Marshall Astor, Angie Bray, Bill Brody, Richard Carter, Michael Davis, Daniel Du Plessis, Mineko Grimmer, Rebeca Mendez, Tom McMillin and George Geyer (collaboration), Margaret Pezalla, Victor Raphael, Greta Waller, Tal Yizrael
November 23 – December 18
Reception: Tuesday, December 1, 7-9 p.m.
Is it periodic or continuous? Is it a temperature or a state of mind? Is it positive or negative? Is the change cellular or global? Is it an instant or the end of an ice age? Is it a heat wave or an all-encompassing climate? These are some of the questions addressed by Melting Point at El Camino College Art Gallery. Each of the14 Southern California artists whose works comprise this exhibition approaches melting point from a distinct perspective.
Marshall Astor presents Ragnorok Supply, an installation that functions as an interpretation of Ragnarok, in Norse mythology, The Final Destiny of the Gods, dealing most specifically with the idea of the final battle. The installation consists of a rectangular, dimly lit, black room with a pair of over-scale (10’ high) ice consistency resin swords at one end. At the opposing end a mandala-like logo counter balances the swords.
In Snow Field Metamorphosis, Angie Bray addresses the specific moment of melting in her photographs of stubble fields under snow and ice. Bray says, Catch a falling snowflake in your black-gloved hand and see it. Now stick out your tongue and feel it. Go look at the white field freckling with brown and green-each crystal melting one by one. Kneel down and watch carefully. You know it’s happening. But where? When?
Bill Brody, denizen of Alaska, shows black and white woodcuts of ice fields and glaciers from his surroundings. These dramatic pieces have the curious quality of intricate 19th century illustration, dealing directly with the enormity of wilderness landscape while addressing the contemporary issue of changing global climate.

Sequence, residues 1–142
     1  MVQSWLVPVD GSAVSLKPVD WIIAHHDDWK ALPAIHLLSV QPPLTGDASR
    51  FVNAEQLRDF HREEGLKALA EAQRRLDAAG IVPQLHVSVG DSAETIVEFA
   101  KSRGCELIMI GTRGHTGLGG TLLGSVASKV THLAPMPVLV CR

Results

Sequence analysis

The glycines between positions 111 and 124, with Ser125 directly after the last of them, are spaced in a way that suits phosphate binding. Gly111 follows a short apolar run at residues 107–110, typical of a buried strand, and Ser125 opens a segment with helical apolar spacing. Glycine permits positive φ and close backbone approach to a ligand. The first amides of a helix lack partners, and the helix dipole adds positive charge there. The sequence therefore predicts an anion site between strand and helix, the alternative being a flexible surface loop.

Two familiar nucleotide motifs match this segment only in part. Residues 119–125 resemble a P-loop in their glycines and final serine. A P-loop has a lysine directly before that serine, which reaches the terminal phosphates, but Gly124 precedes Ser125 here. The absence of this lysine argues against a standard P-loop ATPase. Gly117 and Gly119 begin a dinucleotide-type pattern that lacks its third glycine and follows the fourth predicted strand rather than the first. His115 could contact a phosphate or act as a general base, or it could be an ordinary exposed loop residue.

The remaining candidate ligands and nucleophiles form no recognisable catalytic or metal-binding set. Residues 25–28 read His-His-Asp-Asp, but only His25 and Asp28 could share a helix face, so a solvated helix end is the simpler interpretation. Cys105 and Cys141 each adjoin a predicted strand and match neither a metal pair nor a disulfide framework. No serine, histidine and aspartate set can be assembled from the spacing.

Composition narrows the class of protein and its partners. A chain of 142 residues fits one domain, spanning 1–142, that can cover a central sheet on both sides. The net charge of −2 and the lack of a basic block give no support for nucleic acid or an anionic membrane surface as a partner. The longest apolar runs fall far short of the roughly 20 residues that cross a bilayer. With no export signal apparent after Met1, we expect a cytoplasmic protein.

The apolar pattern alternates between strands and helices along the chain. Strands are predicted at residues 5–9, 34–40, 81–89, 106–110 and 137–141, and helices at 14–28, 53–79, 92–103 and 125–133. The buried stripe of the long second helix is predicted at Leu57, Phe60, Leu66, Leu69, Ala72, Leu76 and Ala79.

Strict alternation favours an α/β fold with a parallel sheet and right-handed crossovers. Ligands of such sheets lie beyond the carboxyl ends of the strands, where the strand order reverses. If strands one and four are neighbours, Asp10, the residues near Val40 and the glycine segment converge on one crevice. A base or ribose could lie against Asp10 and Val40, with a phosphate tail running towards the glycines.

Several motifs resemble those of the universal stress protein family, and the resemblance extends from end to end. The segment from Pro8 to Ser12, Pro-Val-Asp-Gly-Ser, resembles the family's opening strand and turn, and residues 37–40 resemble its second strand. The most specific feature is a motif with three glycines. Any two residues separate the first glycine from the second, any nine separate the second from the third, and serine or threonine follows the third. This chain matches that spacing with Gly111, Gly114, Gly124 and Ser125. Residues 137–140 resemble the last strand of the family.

Richard Carter exhibits acrylic paintings on canvas depicting massive glaciers floating in close proximity to American cityscapes, charted, under dark starry skies.
Michael Davis presents Icecapmelt, a prop/video-installation which Davis describes as, a stage device/presentation about those who believe global warming is just an illusion, a smoke and mirror conspiracy perpetuated by environmentalists and artists. The installation is comprised of a charred miniaturized and mechanized globe, capped by ice, whirling upon a spindle mounted in front of a painted night sky. This small, staged event is accompanied by a video of the heating and eventual burning of the globe as the ice cap melts.
Daniel Du Plessis exhibits 50/50 fire and ice, an oil painting on canvas (56”x18”) in which a glowing yellow rose emerges from a layer of ice and razor sharp icicles, against a blue ground. This piece deals with nature as metaphor for human emotions and romantic love.
Mineko Grimmer shows 3 dimensional work in which a cone of ice is suspended over a sounding mechanism. The cone is impregnated with gravel that drops against the bamboo sounding structure as the ice melts, creating an evanescent and unpredictable music.
Rebeca Mendez presents Weatherscapes, a series of large-scale color photographs of the gray glacial landscape of Iceland. This work explores the relationship of the weather and the landscape as it relates to human scale.
George Geyer and Tom McMillin present photo documentation of their installation, Climatic Extremes, a frozen chamber, in which a spiral coil, covered in ice, hovers above a heated steel dome. When a visitor enters the chamber the air is warmed, causing the ice to melt and drip on the hot steel…SSSSSSSS
They accompany this documentation with a sculptural work in the same mode: a heated steel disc is horizontally suspended beneath a water source that intermittently deposits droplets of water. When the water hits the metal tiny clouds of steam hiss into the air.
Margaret Pezalla produces large (up to 7’) paper glaciers that float under the gallery light. These dry, lighter-than-air, constructions oppose the frozen weight of terrestrial glaciers, conjuring up questions about the nature of matter.
Victor Raphael shows paradoxical hand-leafed Polaroid images of Alaskan glaciers, captured in an instant, that, which took millennia to form. Raphael also presents a video of caving glaciers in the far north.
Greta Waller produces small oil paintings of ice cubes melting, done in the tradition of Manet. While superficially simple and small, the image becomes monumental in content and form.
Tal Yizrael presents potent blue ice photographs, in which melting areas create images of abstracted human body parts. Additionally, Yizrael shows photos of her colored ice casts of objects from everyday life-miniaturized cars and houses, melting.